Hurricane watchers circle Aug. 20 on their calendars every year. This is the "magic" date when hurricane season seems to kick into high gear.
Like clockwork, Hurricane Irene — the Atlantic's first hurricane of 2011 — was born on Aug. 22, later strengthening to a Category 2 hurricane. Last year was another good example of an active storm season ramping up after Aug. 20. All of the 2010's major hurricanes (those of Category 3 or higher) formed after Aug. 20, starting with Danielle on Aug. 21.
Aug. 20 seems to be special because around this time, the air and ocean are in just the right state to foster and feed the monster storms. In climate-speak, this time of year is when vertical shear (a change in wind directions with height) in the atmosphere is low enough and sea surface temperatures are warm enough to create big storms.
This year was typical in saving its biggest storm so far for after Aug. 20, but it was unprecedented in the number of tropical storms that fizzled before reaching hurricane strength. The 2011 hurricane season began with eight tropical storms that all failed to become hurricanes before Irene broke the streak. One reason for the flurry of tropical storms is that scientists are naming more tropical storms than in past years, Klotzbach said.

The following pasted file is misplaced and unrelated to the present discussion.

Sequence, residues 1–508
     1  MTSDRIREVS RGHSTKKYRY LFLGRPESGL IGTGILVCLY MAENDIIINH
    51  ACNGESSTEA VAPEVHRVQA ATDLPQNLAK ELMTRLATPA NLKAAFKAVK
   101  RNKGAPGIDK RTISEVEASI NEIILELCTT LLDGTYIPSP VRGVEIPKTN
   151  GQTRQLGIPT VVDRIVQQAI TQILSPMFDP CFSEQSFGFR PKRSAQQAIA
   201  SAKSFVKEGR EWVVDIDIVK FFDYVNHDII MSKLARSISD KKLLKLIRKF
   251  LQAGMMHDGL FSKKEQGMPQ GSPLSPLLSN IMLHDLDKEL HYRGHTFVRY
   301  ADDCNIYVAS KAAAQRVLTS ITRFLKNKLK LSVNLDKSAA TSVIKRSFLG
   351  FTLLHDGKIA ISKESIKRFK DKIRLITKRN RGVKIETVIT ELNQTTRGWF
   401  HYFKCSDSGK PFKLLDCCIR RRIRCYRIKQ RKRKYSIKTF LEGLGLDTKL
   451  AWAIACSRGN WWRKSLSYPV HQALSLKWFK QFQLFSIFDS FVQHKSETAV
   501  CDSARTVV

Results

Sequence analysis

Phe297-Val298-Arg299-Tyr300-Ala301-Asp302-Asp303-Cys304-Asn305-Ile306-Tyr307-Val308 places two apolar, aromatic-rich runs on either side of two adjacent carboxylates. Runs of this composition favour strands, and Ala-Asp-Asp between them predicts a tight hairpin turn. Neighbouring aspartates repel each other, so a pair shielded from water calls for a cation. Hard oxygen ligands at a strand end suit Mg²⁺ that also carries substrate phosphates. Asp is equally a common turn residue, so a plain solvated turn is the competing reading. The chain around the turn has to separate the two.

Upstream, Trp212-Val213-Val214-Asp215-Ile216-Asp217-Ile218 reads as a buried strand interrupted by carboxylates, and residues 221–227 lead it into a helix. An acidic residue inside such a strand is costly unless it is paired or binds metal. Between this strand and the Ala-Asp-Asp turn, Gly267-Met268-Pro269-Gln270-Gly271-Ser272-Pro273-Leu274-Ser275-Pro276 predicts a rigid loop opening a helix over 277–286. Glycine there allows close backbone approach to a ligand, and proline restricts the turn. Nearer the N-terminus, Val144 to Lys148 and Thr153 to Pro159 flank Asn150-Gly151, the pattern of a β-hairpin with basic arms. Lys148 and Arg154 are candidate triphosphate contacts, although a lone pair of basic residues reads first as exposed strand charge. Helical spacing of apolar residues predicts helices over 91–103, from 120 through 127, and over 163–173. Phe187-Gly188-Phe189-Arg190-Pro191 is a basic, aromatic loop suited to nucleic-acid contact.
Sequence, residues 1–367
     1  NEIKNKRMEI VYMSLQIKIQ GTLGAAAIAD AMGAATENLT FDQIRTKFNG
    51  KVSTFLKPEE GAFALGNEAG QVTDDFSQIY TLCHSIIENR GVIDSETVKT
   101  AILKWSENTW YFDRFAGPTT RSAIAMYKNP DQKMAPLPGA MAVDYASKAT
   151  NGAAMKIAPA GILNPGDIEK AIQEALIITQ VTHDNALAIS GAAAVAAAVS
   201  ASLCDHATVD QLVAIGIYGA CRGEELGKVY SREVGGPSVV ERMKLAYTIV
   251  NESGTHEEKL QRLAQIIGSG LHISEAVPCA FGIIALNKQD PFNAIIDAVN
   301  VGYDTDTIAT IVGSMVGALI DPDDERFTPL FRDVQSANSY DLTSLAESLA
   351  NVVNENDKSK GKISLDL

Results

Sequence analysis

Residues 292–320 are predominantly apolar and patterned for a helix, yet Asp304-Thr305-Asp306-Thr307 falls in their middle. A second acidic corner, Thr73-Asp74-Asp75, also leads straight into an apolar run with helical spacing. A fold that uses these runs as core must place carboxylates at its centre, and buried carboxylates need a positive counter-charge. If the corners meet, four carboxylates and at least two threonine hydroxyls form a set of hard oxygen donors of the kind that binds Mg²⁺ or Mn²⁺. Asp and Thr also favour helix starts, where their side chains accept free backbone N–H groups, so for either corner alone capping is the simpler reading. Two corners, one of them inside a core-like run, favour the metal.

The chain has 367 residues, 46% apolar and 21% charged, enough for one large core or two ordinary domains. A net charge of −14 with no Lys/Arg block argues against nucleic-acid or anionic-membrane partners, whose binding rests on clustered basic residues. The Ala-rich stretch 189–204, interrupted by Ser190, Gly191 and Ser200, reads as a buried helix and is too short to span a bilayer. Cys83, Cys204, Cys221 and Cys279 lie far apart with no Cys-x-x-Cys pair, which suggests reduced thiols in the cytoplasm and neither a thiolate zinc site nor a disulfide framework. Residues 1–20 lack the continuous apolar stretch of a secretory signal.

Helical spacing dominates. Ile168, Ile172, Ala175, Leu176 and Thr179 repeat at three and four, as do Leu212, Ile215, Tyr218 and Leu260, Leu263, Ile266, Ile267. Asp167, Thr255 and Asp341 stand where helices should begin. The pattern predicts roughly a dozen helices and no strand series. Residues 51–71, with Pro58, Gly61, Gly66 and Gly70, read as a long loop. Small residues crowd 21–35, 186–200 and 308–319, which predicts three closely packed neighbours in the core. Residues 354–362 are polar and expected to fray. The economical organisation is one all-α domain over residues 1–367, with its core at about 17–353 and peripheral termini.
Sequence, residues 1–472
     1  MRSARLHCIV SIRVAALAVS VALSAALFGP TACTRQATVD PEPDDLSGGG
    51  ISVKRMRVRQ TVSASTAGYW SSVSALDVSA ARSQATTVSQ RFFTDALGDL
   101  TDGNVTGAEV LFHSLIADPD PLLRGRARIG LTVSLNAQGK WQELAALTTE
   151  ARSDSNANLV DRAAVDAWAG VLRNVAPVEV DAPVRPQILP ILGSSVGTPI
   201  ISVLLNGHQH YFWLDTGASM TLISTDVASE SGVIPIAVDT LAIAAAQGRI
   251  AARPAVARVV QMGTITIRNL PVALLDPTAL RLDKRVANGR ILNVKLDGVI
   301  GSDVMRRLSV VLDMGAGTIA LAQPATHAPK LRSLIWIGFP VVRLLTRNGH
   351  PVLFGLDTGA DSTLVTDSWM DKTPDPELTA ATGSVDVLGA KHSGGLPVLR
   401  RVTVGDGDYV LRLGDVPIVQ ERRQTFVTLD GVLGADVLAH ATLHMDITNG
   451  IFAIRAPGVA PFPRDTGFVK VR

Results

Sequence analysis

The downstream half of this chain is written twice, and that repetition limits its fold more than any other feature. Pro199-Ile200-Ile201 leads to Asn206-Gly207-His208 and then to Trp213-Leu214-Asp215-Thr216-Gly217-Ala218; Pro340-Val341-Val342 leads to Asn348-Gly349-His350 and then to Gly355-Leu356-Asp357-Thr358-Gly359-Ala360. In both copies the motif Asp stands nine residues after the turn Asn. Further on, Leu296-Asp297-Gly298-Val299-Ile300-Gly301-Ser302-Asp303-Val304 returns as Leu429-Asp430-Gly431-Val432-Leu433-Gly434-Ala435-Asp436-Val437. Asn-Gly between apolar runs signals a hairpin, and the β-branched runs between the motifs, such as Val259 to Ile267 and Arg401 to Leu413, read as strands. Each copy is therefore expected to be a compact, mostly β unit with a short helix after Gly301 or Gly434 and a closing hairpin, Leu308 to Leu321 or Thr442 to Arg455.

The last time a hurricane season saw so many tropical storms before seeing a hurricane was 2002. That year, Tropical Storm Gustav eventually broke the string by strengthening to a Category 4 hurricane. Gustav struck Louisiana on Sept. 8, killing 112 people.
The hurricane forecast from the U.S. National Oceanic and Atmospheric Administration (NOAA) calls for 14 to 19 named storms (which include tropical storms and hurricanes), seven to 10 hurricanes and three to five major hurricanes (Category 3 or higher).
Irene is currently a Category 2 storm, with winds of up to 100 mph (160 kph), and is the first serious threat to the U.S. coast in three years. If no hurricanes make landfall in 2011, this three-season lull will be the longest in recorded history.
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